➤  If your code con­tains any stochast­ic pro­cess (e.g., ran­dom num­ber gen­er­a­tion, boot­strap re-sampling), set a ran­dom num­ber seed at least once at the start of the script or, bet­ter, for each ran­dom sampling task. This will allow oth­er users to repro­duce your exact results.

➤  Include clear error mes­sages in your code that explain what went wrong (e.g. if the user gave a text input where a numer­ic input was expected).

3. Clean data

Check­list for pre­par­ing data to upload to DRYAD or oth­er repository.

Repository contents

➤ All data used to gen­er­ate a pub­lished res­ult should be included in the archive. For papers with mul­tiple exper­i­ments, this may mean a cor­res­pond­ing num­ber of data files.

➤ Save each file with a short, mean­ing­ful file name (see DRYAD recom­mend­a­tions here).

➤ Pre­pare a README_DATA text file to accom­pany each data file. It should provide a brief over­all descrip­tion of the file’s con­tents, and a list of all vari­able names with explan­a­tion (e.g. units). This should allow a new read­er to under­stand what the entries in each column mean and relate this inform­a­tion to the Meth­ods and Res­ults of your paper. Altern­at­ively, this may be a “Code­book” file in a table format with each vari­able as a row and column provid­ing vari­able names (in the file), descrip­tions (e.g. for axis labels), units, etc.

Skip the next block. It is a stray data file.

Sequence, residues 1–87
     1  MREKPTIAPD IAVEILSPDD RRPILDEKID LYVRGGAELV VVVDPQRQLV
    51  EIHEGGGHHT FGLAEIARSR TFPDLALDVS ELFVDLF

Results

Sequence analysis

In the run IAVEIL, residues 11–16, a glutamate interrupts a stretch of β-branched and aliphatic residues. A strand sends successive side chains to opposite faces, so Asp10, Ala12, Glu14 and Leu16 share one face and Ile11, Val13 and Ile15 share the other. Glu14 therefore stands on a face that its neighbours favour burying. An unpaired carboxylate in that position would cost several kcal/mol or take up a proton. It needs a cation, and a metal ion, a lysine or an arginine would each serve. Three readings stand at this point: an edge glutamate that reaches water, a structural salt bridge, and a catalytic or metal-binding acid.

➤ Save the README_DATA files as a text (.txt) or Mark­down (.md) files and all of the data files as comma-sep­ar­ated vari­able (.csv) files. 

➤  If your data are in EXCEL spread­sheets you are wel­come to sub­mit those as well (to be able to use col­our cod­ing and provide addi­tion­al inform­a­tion, such as for­mu­lae) but each work­sheet of data should also be saved as a sep­ar­ate .csv file.

➤ We recom­mend also archiv­ing any digit­al mater­i­al used to gen­er­ate data (e.g., pho­tos, sound record­ings, videos, etc), but this may use too much memory for some repos­it­ory sites. At a min­im­um, upload a few example files illus­trat­ing the nature of the mater­i­al and a range of outcomes. 

Data file contents and formatting